When Your First Race is the Boston Marathon!

 

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Brett (right) with her siblings and mom and dad. (From left) Romy, Allie, Christy, mother Cathy, dad Andy, Andrew, Maggie and Buff. 

Brett Simpson, age 24, is running in her first race, the Boston Marathon, on behalf of her father and raising funds for kidney disease research. What a race to start with, right? A graduate of Princeton University and a four-year collegiate athlete, Brett was on the rowing team which won the Ivy League Championship in 2016 and she earned a top academic award from the Collegiate Rowing Coaches Association (CRCA). Although she hasn’t entered a race before, she said she’s been running as cross-training for rowing.

A college teammate who lives in Boston gave her the idea about the Boston Marathon. This teammate asked Brett to run and pace her for part of the New York Marathon since Brett lives in New York City. Her teammate from Boston, said, “I don’t know anyone else in NYC.” Brett said her friends from crew are “teammates for life and she’d drop anything in a moment to support them.” Later, her teammate suggested Brett should try the Boston Marathon. Brett explained that although this is a race with qualifying times if you represent a charity it’s possible to enter the race. Of course, since it’s her first race ever, she doesn’t have a time! After she looked through the listed charities the kidney disease research “jumped out at her.” She’s raising money for the Center for Kidney Disease Research at the Beth Israel Deaconess Medical Center, which is the Harvard Medical School Teaching Hospital.

I was surprised to learn that you can’t just sign up to represent BIDMC and raise money for them. Brett had to submit an essay and eventually was selected as someone who the hospital would want to represent them. Most of the team members are in Boston and there are two in NYC and in California. Brett said although she hasn’t met her “teammates” in person, they are a “virtual team with a coach that sends the workouts.”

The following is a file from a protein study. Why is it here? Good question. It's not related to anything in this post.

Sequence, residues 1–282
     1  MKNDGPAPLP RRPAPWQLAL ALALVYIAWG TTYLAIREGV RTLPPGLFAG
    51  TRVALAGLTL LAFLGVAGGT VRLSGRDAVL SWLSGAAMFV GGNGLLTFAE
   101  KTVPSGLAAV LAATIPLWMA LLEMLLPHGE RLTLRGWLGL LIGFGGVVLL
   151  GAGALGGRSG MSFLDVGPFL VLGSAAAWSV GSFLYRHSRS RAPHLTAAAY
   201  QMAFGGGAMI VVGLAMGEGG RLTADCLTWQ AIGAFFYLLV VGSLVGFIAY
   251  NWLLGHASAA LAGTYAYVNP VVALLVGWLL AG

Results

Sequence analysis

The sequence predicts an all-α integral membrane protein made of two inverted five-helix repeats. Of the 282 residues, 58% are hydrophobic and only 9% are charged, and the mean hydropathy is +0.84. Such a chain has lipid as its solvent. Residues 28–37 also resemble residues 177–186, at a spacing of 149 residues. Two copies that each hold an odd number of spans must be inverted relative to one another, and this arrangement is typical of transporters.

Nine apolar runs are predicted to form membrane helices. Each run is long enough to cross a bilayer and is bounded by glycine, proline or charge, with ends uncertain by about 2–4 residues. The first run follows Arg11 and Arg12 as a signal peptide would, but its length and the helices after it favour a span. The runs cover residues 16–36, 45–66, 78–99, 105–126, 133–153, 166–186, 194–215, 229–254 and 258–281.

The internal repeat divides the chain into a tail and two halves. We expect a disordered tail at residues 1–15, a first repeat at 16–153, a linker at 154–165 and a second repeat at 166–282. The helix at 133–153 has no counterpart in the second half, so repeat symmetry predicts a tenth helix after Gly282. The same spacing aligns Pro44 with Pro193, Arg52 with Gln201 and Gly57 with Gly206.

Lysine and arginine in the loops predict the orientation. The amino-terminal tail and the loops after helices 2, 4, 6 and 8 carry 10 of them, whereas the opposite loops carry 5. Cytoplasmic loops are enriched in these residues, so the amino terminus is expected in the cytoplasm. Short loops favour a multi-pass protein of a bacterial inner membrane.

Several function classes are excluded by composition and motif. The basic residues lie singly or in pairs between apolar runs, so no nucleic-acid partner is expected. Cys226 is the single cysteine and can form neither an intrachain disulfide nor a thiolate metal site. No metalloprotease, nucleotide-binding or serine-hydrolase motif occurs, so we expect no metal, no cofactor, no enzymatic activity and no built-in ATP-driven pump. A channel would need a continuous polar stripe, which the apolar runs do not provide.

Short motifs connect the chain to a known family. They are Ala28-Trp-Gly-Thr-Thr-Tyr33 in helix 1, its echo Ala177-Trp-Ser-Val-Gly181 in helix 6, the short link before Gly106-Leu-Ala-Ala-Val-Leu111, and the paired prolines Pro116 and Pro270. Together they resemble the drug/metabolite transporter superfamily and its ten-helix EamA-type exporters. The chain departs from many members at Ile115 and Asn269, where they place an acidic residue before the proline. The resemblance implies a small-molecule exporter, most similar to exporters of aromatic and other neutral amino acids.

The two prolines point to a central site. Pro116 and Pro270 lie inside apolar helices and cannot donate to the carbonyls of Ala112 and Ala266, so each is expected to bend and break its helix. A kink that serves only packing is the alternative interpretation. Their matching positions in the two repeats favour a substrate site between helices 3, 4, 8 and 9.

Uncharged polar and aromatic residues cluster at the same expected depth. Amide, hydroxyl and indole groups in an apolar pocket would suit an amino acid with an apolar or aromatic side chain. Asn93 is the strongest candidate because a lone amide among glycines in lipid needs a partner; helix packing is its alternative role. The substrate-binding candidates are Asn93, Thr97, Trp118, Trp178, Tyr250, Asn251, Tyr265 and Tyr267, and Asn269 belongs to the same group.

Many collegiate athletes feel a loss after graduation when they no longer have their team to motivate them and be a part of their daily lives. Brett feels inspired by her father who is into athletics and would call her and ask about her running and workouts. Since he experienced kidney failure in July 2016, Brett’s inspiration to workout has come from her dad. She has to run for him.

 

 

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Sisters (from left) Maggie, Christy, Buff, Brett, Romy and Allie (seated).

In July 2016, Brett was far away from her dad, mom, and six siblings. She was with her Ivy League championship rowing team in the United Kingdom competing in the oldest rowing race in the world, the Henley Royal Regatta. She likened it to a big social as well as athletic event, similar to our Kentucky Derby. She said it was a unique and great experience, but she was worried about her dad. He’s been in and out of the hospital and on dialysis since.

In addition to academics and athletics, Brett is an accomplished bass player and was a member of the San Francisco Youth Symphony. In college, she couldn’t row and play in the orchestra, so she decided to pursue athletics. With five sisters and one brother who are gifted athletes and musicians, I asked her how they became such accomplished athletes. She said, “Well, we’re a tall crew and then there’s what my dad always told us.”

“My father always said personal fulfillment starts in the body. Discipline and joy come from challenging yourself physically first and then seeking out other challenges in life.”

Brett’s goal is to raise $7,500 for the Beth Israel Deaconess Medical Center by running the Boston Marathon April 16, 2018. She is looking for any size donations and would greatly appreciate all support. As far as running, her personal goal is to run in a qualifying time for the Boston Marathon in her first race ever.

Here’s a link to her donation page with her story: donate here.

Read more about Brett on the Roster from the Princeton Tigers Rowing page.

 

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Brett Simpson

 

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Helicopter Parents’ New Role: College Concierges

 

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Before college, we hung out at the beach without worry.

In two articles I read today in the Washington Post and MarketWatch brought up helicopter parents continuing their hovering into their kids’ college years and a recently published study was cited:

“The study published this month in the journal Sociology of Education by three social scientists — Laura Hamilton of the University of California at Merced, Josipa Roksa of the University of Virginia and Kelly Nielsen of the University of California at San Diego — followed a group of female students (and their parents) from 41 families. The students lived on the same dorm floor at an unnamed prominent Midwest public university (some of Hamilton’s research on this same group of women was featured in her 2013 book with Elizabeth A. Armstrong called ‘Paying for the Party: How College Maintains Inequality’).”

I read about this study in the Washington Post in an article called “Rich parents are serving as ’college concierges’ for their kids — and it’s fueling inequality,” by Jillian Berman. I found the anecdote at the beginning of her article especially interesting because the scenario was achingly familiar. My husband encouraged my daughter to attend an internship informational meeting her sophomore year held by Goldman Sachs. Unlike the kids who attended the meeting in the story, she was booted out, because they wouldn’t allow anyone except juniors and seniors.